Furthest Right

Panicdemic (#13)


  • Cargill to close meat-packing plant at centre of Alberta outbreak

    The facility churns out roughly 40 per cent of Western Canada’s processed beef and is a key part of the province’s agriculture industry. Alberta has linked 484 cases of COVID-19 to this plant and dozens more at a competing facility.

    What is the connection between raw meat (as in wet markets) and COVID-19 transmission?

  • ‘Cytokine Storms’ Seen in Some COVID-19 Patients Could Be Halted by Specially Developed Proteins, Scientists Say

    “The idea is that [the proteins] can be injected into the body and bind to the excessive cytokines as generated by the cytokine storm, removing the excessive cytokines and alleviating the symptoms from the infection,” Rui Qing, a senior author of the study from MIT, said in a statement.

  • What Are the Stats from “No-Order” States Telling Us?

    The infection rate for all 23 states which have not adopted one or more of the recommended containment strategies is well below the national average. If you just look at the 8 states CNN called out, their infection rate is less half the national average.

  • Coronavirus attacks lining of blood vessels all over the body, Swiss study finds

    “It enters the endothelium [layer of cells], which is the defence line of the blood vessels. So it brings your own defence down and causes problems in microcirculation,” said Ruschitzka, referring to circulation in the smallest of blood vessels.

  • Testicles may make men more vulnerable to coronavirus: study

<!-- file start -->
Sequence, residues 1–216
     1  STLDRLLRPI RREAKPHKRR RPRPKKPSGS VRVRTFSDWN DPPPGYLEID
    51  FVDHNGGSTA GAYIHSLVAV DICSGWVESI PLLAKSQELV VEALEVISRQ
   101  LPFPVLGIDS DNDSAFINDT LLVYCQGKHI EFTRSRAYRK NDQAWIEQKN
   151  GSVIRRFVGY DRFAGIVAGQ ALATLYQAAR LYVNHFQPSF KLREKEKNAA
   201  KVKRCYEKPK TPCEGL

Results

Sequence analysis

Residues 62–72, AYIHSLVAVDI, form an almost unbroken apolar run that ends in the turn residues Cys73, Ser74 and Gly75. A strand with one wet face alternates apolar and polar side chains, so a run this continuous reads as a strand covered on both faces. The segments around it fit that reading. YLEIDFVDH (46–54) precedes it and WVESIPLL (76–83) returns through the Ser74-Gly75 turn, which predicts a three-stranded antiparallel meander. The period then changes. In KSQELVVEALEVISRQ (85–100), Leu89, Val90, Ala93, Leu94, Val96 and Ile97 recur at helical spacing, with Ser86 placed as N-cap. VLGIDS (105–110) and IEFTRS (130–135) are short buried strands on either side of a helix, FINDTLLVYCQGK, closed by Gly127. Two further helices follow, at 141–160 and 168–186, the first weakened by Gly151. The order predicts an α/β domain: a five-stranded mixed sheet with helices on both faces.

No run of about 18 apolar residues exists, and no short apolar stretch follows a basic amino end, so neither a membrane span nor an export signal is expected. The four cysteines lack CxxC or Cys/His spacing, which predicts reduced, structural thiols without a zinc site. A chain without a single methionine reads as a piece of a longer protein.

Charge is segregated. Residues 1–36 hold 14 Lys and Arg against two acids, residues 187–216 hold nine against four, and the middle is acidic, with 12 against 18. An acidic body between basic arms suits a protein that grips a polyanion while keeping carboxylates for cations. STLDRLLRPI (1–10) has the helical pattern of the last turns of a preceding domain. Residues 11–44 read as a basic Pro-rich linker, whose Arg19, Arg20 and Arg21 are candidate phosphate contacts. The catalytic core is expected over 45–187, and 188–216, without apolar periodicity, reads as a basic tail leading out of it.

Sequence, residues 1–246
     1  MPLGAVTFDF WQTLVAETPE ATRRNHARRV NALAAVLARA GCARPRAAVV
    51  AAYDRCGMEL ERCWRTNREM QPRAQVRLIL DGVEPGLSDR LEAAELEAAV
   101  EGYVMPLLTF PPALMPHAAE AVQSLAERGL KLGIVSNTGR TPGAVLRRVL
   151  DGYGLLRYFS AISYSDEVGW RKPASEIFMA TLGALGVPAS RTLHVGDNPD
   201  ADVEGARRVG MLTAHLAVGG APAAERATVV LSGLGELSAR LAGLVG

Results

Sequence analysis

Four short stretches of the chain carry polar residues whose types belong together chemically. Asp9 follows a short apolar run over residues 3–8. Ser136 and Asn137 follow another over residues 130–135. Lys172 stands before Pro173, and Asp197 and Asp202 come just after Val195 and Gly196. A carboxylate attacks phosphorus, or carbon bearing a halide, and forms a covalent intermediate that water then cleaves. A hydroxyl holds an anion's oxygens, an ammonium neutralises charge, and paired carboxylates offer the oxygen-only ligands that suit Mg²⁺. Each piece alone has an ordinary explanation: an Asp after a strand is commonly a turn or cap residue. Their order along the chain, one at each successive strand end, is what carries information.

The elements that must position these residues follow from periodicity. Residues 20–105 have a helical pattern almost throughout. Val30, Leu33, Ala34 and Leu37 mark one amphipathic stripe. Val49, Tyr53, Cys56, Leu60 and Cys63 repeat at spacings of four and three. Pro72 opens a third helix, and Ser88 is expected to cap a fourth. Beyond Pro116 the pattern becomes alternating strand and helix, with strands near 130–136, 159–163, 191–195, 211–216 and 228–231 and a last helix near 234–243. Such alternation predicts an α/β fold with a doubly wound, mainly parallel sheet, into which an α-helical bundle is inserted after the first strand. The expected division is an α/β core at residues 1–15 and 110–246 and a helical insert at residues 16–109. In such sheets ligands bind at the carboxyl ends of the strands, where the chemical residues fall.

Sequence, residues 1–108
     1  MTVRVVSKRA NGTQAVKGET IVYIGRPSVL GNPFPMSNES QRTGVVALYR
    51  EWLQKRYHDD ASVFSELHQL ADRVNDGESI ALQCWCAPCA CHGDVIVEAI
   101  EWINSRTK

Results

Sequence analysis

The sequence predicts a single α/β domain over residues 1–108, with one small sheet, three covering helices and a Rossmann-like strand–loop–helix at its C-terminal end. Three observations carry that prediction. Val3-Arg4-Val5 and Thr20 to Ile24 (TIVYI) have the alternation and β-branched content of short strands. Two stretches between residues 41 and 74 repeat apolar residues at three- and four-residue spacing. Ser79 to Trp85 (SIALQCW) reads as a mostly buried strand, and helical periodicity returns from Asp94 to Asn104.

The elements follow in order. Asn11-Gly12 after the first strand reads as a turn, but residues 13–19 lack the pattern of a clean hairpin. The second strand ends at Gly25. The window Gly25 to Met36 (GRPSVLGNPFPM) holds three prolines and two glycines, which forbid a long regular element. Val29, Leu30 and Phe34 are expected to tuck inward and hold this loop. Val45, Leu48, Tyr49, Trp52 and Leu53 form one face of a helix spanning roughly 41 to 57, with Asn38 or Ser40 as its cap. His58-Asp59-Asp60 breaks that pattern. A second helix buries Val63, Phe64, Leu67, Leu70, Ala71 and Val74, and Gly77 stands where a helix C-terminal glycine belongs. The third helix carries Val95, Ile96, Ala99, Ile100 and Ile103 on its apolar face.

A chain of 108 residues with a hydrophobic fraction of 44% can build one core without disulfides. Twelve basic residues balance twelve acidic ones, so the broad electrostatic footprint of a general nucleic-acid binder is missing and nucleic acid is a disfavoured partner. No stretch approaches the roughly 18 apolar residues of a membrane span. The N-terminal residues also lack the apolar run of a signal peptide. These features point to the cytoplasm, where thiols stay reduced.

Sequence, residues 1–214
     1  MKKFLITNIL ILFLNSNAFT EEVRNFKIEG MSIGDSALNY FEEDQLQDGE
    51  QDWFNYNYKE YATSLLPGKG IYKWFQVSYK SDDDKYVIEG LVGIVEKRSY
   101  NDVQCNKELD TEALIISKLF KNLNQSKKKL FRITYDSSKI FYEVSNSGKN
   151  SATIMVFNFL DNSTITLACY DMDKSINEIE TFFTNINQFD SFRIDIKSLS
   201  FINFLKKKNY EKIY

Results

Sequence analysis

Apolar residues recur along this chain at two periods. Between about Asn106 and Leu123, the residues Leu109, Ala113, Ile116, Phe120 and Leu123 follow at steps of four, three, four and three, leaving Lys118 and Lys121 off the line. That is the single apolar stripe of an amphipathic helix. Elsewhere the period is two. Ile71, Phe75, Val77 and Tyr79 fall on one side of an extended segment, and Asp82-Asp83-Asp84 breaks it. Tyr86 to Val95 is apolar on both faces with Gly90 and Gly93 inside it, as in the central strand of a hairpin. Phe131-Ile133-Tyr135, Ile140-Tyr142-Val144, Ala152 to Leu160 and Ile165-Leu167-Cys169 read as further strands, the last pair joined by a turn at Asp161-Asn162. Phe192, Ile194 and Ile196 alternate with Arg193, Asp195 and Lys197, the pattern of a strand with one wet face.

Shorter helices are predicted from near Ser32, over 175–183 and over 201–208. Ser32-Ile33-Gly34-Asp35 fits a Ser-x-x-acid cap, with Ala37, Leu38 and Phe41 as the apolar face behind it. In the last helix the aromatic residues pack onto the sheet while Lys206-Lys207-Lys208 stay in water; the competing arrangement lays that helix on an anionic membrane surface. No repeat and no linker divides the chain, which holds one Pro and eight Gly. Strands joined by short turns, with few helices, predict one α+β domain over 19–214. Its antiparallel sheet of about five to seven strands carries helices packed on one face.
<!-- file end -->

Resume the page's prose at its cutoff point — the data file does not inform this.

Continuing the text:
Dr. Aditi Shastri, an oncologist at Montefiore Medical Center in the Bronx, and her mother, Dr. Jayanthi Shastri, a microbiologist at the Kasturba Hospital for Infectious Diseases in Mumbai, said the virus attaches itself to a protein that occurs in high levels in the testicles.

    This protein, known as angiotensin converting enzyme 2, or ACE2, is present in the lungs, the gastrointestinal tract and the heart in addition to large quantities in the testicles.

    But since testicles are walled off from the immune system, the virus could harbor there for longer periods than the rest of the body, according to the study.

    This is just because PornHub made memberships free during this pandemic, right?

  • Coronavirus batters the Navajo Nation, and it’s about to get worse

    As of Monday, the Navajo Nation, which sprawls across three states, had 1,197 positive coronavirus cases. It has a per capita infection rate 10 times higher than that of neighboring Arizona and the third-highest infection rate in the country behind those of New York and New Jersey. Forty-four people have died, more than in 14 other states.

    During the H1N1 flu epidemic in 2009, Native Americans died at four to five times the rate of other Americans.